Twin Cities by Trolley

Twin Cities by Trolley: The Streetcar Era in Minneapolis and St. Paul

John W. Diers
Aaron Isaacs
Copyright Date: 2007
Edition: NED - New edition
Pages: 368
https://www.jstor.org/stable/10.5749/j.ctttv6bn
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  • Book Info
    Twin Cities by Trolley
    Book Description:

    Twin Cities by Trolley offers a rolling snapshot of Minneapolis and St. Paul from the 1880s to the 1950s, when the streetcar system shaped the entire area. More than 400 photographs and 70 maps let the reader follow the tracks from Stillwater to Lake Minnetonka, through Uptown to downtown Minneapolis. The illustrations show nearly every Twin Cities neighborhood as it once was.

    eISBN: 978-0-8166-5410-9
    Subjects: Transportation Studies

Table of Contents

  1. Front Matter
    (pp. i-v)
  2. Table of Contents
    (pp. vi-vii)
  3. Preface
    (pp. ix-x)
  4. Glossary of Streetcar Terms
    (pp. xi-1)
  5. Introduction
    (pp. 3-11)

    Twin Cities by Trolleyis the story of the streetcar and the Twin City Rapid Transit Company (TCRT) and how they shaped the Twin Cities and touched the lives of three generations of Twin Citians. It is a detailed account of a 523-mile transportation system that was built and operated without public subsidy, a system that stretched from Lake Minnetonka to the St. Croix River and carried more than 200 million passengers a year. It is about nostalgia, but it is also about the electric motor and the internal combustion engine, two competing nineteenth-century inventions that went on to battle...

  6. 1 From Horsepower to Electric Power: The Early Years
    (pp. 13-37)

    On Christmas Eve, 1889, groups of people huddled at street corners and in doorways all along 3rd Street in Minneapolis. 4:00 p.m. and the long shadows of winter banished the sun far to the south. At 3rd and 2nd Avenue South, flakes of windblown snow dusted the Lake Superior sandstone and New Hampshire granite of Louis Guaranty Loan Building, Minneapolis’s skyscraper and the tallest building Chicago. But this group was not there homage to Menage’s pile of stone, which watched rise for almost a year. They shivered and waited for something less monumental but no less important for the future...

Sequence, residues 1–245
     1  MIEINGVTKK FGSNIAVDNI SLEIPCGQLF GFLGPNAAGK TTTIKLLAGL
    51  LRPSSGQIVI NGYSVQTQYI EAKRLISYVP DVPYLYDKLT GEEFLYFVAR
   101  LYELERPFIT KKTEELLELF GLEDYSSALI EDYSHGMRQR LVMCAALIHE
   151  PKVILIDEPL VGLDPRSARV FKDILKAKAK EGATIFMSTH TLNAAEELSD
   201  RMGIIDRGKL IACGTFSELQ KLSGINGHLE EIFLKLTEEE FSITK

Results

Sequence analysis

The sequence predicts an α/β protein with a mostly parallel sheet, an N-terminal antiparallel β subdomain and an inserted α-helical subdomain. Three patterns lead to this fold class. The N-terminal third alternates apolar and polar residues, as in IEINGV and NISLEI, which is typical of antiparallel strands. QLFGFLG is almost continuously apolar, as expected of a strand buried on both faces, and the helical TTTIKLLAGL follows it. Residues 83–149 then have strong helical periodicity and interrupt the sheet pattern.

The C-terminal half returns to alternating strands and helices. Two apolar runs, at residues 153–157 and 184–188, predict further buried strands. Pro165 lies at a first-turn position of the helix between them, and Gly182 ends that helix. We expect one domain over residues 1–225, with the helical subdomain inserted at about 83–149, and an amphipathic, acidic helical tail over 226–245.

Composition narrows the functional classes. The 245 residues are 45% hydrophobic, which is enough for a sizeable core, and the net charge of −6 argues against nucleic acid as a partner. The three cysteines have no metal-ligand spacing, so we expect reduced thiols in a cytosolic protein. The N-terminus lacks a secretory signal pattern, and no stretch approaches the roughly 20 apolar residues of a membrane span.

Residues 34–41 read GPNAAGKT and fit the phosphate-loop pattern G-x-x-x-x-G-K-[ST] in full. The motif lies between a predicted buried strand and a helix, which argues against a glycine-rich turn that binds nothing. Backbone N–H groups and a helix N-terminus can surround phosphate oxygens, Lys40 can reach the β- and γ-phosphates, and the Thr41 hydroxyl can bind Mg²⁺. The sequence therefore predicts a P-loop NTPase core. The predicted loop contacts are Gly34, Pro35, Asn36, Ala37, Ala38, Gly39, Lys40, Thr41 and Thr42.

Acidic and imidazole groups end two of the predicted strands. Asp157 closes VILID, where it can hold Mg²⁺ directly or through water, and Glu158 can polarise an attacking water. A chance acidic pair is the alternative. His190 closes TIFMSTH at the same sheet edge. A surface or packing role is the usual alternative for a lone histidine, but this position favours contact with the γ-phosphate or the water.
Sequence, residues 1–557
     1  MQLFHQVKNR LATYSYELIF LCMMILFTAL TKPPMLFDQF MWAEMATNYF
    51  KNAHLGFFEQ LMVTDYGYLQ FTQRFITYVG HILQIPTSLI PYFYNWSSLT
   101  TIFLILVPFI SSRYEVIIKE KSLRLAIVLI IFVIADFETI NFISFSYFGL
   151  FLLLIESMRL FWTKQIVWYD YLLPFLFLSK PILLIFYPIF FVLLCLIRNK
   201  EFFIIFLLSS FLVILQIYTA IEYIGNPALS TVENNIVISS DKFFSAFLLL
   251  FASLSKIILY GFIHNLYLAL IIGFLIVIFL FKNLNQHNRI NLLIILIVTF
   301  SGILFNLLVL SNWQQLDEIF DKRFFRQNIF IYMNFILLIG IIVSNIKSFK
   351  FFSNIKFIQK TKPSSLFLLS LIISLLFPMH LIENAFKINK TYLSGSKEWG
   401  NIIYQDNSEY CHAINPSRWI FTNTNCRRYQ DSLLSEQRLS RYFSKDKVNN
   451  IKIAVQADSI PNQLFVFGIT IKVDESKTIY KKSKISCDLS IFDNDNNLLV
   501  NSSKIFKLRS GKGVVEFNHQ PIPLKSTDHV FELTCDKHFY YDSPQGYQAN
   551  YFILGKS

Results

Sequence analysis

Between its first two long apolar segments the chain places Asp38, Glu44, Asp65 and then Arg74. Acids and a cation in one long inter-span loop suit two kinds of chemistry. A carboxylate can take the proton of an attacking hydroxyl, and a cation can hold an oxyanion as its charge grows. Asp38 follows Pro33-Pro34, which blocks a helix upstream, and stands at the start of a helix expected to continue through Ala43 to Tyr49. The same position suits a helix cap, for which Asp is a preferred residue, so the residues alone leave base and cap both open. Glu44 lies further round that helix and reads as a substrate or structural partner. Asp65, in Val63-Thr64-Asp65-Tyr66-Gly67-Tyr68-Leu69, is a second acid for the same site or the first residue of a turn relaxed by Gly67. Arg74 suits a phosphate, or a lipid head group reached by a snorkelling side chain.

7. 2 More Tracks to More Places Growing the System
    (pp. 39-73)

    The Aberdeen Hotel sat at the corner of Virginia Street and Dayton Avenue in St. Paul. The finest hotel in the city, it catered lavishly to the comings and goings of St. Paul’s wealthiest citizens and visitors. On the evening June 9, 1893, it hosted a banquet honoring James J. Hill, who had just completed his Great Northern Railway all the way to Puget Sound. Among the invited guests alighting from their carriages were Marshall Field, George Pullman, and Minnesota’s first governor, Alexander Ramsey. It is not known whether Thomas Lowry was invited. Hill did not like speculators, and he...

  8. 3 Trolleys to the Country Lake Minnetonka and Stillwater
    (pp. 75-97)

    Nineteenth-century streetcar moguls could feel secure in their monopolies and were content to let the nickels simply roll into fare box and on to their bottom lines. But also knew that the streetcar was more than transportation and that with enormous investments in track, power systems, and rolling it was good business to encourage traffic weekends and holidays when equipment and operating personnel were idle. Selling the trolley ride as a recreational experience brought in revenues with little additional expense. came to be called “streetcarring” was promoted and became popular, whether it involved a ride around town, a trip to...

  9. 4 From Profit to Penury The Trolley Vanishes
    (pp. 99-133)

    Thomas Lowry died on February 4, 1909, just twenty-three days short of his sixtysixth birthday. In poor health for a number of years, he eventually succumbed to the tuberculosis he had once fought off as a young man. Lowry was entombed in the family mausoleum at Lakewood Cemetery in south Minneapolis. His passing was noted in theNew York Evening Postof February 13, 1909:

    In a day when mere connection with a public utilities company is so often viewed as an a priori ground for suspicion, and when the management of street railways, in particular, has been the object...

  10. 5 Made in Minnesota The “Tom Lowrys”
    (pp. 135-153)

    If the rapid growth and decline of the electric railway industry exemplify the pace of technological change in the twentieth century, the rise and fall of the number of suppliers the industry are indicative of the pace in the industry itself. In 1900, there least fifteen major companies building and interurbans. Names like J. G. Brill American Car Company, McGuire-Manufacturing Company, St. Louis Company, Niles Car Company, Jewett Car and Pullman competed for orders hundreds of street railway properties. Those manufacturers in turn sustained dozens independent companies making motors, and trucks, control equipment, seats, wheels, valves, and a long list...

  11. 6 Service, Courtesy, Safety Working for the Company